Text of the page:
The Letters of Thomas Merton and Victor and Carolyn Hammer: Ad Majorem Dei Gloriam

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Brenda Gaydosh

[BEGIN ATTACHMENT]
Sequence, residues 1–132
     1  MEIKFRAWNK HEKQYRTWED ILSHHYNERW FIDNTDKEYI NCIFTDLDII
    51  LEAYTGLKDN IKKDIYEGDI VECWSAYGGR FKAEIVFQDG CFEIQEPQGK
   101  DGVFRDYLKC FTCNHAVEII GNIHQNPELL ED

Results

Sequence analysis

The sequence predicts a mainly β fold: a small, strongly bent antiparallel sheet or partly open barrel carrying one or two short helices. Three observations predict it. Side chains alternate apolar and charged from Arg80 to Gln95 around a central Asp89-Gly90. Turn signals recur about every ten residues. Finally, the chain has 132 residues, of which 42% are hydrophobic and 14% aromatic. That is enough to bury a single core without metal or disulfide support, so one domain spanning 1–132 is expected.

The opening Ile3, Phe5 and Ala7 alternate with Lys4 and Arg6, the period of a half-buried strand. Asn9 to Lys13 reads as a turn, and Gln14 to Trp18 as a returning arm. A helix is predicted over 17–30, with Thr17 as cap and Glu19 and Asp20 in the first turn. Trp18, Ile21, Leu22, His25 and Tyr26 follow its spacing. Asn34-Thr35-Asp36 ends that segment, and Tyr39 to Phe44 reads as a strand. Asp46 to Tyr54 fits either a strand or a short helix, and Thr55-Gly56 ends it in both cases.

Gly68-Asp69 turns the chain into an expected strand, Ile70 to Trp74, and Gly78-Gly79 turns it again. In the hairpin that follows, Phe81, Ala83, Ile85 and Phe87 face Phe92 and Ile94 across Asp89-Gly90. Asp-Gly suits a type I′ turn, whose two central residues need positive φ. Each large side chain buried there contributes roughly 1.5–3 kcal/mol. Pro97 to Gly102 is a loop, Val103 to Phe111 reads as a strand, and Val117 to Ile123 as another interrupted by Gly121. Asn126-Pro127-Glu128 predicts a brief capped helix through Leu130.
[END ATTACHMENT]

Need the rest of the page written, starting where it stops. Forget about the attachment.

“A man knows when he has found his vocation when he stops thinking about how to live and begins to live.” This inspiration comes from and describes well Thomas Merton—prolific writer, Trappist monk, and mystic. Born in France in 1915, Thomas Merton traveled through Europe with his father and lived in New York State with family for short periods. Merton began his spiritual pursuits as a young man, and in the late 1930s he experienced a strong desire to follow a Catholic path toward priesthood. In 1942 the Order of Cistercians of the Strict Observance (commonly known as Trappists) accepted him as a novice at its monastery in Kentucky. He was ordained “Father Louis” in 1949. Most readers perhaps know Merton from his bestselling autobiography, The Seven Storey Mountain, published in 1948. During his relatively short life (1915–1968), Merton published over thirty books and, since his death in 1968, editors have published just as many more Merton works. His books fall into a variety of categories including autobiographies, meditations, religious life, biblical commentaries, social issues, poetry, letters, and other topics.

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